The correct question has to be: "How many bosses does this business have?"
I'm sorry, but I'm not sure what you're trying to say. There is no adverb or preposition at the end of this sentence. It's also perfectly fine and very common to end in either. Have is a verb and thousands of sentences end in verbs.
"How many bosses has this business" - should be accepted as it is proper English
That would not be proper English. The statement is a question, and asking a question in the Present Simple in English needs the auxiliary verb "to do".
You can only use "to have" in a question where it is also an auxiliary verb - not in its literal sense. So: "Who has he spoken to?" would be fine; but "how many bosses has this business" wouldn't be.
"How many bosses does this business have?" should be accepted.
Often, but not invariably, you are correct. Has he?, have we?, have you?, have they?, have I? are all legitimate question forms and have been since antiquity, reflecting the Germanic origin of the language. Habe ich?, habst du?, haben wir etc.
But in all those cases the form of have is a helping verb.
In this sentence, has is the main verb.
"Have you a pound that you can lend me" is succinct, normal British English, "have" being the main verb of the main clause. "Have you the time to come to see me". The list is, effectively, endless. Essentially, this reflects possession, rather than being an auxiliary to some other verb. You will have seen that my appreciation of this, entirely normal and standard British English usage, is supported elsewhere. Perhaps, we might agree that either is correct and that we may use our preferred form, whether Duo accepts it or not.
"Who has he spoken to " is very bad English. "To whom has he spoken" is correct. It is, generally, considered poor style to end the sentence with a preposition, in written English
I'll be sure to put the English in the corner for time out if it's been very bad :)
If you mean it's ungrammatical, then you need to read up on your grammar: https://blog.oxforddictionaries.com/2011/11/28/grammar-myths-prepositions/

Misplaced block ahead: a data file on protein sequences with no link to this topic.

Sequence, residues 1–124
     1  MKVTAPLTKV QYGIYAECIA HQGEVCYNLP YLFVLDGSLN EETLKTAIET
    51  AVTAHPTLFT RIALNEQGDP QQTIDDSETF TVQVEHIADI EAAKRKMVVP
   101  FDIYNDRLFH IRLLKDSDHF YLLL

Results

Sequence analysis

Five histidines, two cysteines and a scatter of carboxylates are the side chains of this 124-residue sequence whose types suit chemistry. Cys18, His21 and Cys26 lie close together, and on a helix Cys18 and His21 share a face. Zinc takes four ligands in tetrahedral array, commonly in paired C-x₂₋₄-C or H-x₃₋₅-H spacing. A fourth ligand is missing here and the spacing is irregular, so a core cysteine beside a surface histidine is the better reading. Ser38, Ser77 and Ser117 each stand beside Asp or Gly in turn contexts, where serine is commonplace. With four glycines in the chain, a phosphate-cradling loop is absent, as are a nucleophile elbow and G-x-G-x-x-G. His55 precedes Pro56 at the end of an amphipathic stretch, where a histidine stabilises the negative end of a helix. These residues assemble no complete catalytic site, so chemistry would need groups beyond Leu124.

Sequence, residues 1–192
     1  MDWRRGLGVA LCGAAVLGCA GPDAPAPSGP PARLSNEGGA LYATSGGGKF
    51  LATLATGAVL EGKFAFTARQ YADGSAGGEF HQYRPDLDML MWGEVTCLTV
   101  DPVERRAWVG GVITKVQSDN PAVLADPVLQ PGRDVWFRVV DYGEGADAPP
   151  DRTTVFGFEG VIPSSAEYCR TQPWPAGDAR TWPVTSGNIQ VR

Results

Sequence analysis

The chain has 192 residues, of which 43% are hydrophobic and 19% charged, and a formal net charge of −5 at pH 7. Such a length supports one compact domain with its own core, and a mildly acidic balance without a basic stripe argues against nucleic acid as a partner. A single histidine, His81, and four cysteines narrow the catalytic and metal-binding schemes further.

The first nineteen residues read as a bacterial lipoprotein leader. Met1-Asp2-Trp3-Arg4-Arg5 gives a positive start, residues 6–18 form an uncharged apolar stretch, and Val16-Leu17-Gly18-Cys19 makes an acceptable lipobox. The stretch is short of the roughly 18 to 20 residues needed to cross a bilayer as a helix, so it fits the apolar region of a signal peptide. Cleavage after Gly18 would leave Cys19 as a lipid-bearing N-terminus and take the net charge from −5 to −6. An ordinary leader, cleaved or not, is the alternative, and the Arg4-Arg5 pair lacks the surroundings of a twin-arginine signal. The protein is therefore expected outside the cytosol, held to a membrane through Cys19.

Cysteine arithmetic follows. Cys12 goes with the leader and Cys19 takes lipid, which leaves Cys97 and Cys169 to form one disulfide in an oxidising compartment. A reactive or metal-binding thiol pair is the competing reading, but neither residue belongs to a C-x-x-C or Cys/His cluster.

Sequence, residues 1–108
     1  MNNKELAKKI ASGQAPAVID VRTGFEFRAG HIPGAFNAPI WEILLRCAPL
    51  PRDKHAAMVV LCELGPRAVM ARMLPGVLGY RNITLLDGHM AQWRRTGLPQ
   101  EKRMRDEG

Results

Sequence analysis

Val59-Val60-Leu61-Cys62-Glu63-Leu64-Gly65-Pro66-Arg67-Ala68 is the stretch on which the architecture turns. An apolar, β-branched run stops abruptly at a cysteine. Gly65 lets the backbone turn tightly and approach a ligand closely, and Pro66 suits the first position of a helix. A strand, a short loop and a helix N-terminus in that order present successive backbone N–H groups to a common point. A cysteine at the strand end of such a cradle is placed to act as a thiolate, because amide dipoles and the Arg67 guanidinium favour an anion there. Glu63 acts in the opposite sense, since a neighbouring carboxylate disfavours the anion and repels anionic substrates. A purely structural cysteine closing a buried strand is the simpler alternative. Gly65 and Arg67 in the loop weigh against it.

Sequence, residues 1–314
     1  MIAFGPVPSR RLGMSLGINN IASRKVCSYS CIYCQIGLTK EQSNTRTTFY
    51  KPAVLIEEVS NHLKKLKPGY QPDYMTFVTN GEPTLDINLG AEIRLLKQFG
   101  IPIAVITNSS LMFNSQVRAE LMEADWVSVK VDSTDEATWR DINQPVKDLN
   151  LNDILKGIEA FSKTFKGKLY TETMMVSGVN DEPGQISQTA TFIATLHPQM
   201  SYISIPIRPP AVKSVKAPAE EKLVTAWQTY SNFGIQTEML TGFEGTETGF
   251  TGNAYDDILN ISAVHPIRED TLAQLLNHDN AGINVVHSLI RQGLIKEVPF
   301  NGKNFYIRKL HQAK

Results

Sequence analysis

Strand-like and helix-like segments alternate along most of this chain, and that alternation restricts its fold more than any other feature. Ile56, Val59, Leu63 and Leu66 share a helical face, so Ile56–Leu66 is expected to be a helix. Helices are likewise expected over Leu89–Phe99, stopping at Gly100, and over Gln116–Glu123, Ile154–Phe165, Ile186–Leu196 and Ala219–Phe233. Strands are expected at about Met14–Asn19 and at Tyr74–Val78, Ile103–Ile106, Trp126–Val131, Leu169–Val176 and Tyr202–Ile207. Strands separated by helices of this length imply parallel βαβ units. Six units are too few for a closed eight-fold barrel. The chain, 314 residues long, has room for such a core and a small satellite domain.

I trust Oxford Dictionary. There is no reason, "who has he spoken to" is "bad English". It's grammatical and they way that English is actually spoken by millions of speakers. If you have a problem with using who and not whom here, then I hope you don't use here and there instead of the correct hither and thither ;)
And you are free to do so.
I am an EFL teacher with 15 years experience, however. I would be keen to know how you feel my analysis is lacking.
I think the problem here is you are right to say it is ungrammatical, but you are trying to apply a rule as an explanation (ie must have the auxiliary 'do/does') instead of the obvious issue - grammatical subject confusion. You'd admit "How many have they?" while archaic, could be accepted (I recall this in a Mother Goose poem). However, "How many A have B (Eg How many people have apples?) means the people have apples, not the other way round. "How many bosses have/has the business?" suffers from subject confusion, which does make it ungrammatical. Whether you choose the singular form of have (has) or the plural does not clear up the confusion.
I should add that it seems many other languages do not suffer from subject confusion when placed after the object such as Spanish and maybe German so I find this interesting
I'm just having the same exact "How many bosses does this business" problem as everyone else; don't mind me
I put how many bosses have this business, and it was marked wrong, and corrected with how many bosses does this business. The latter sounds wrong to me.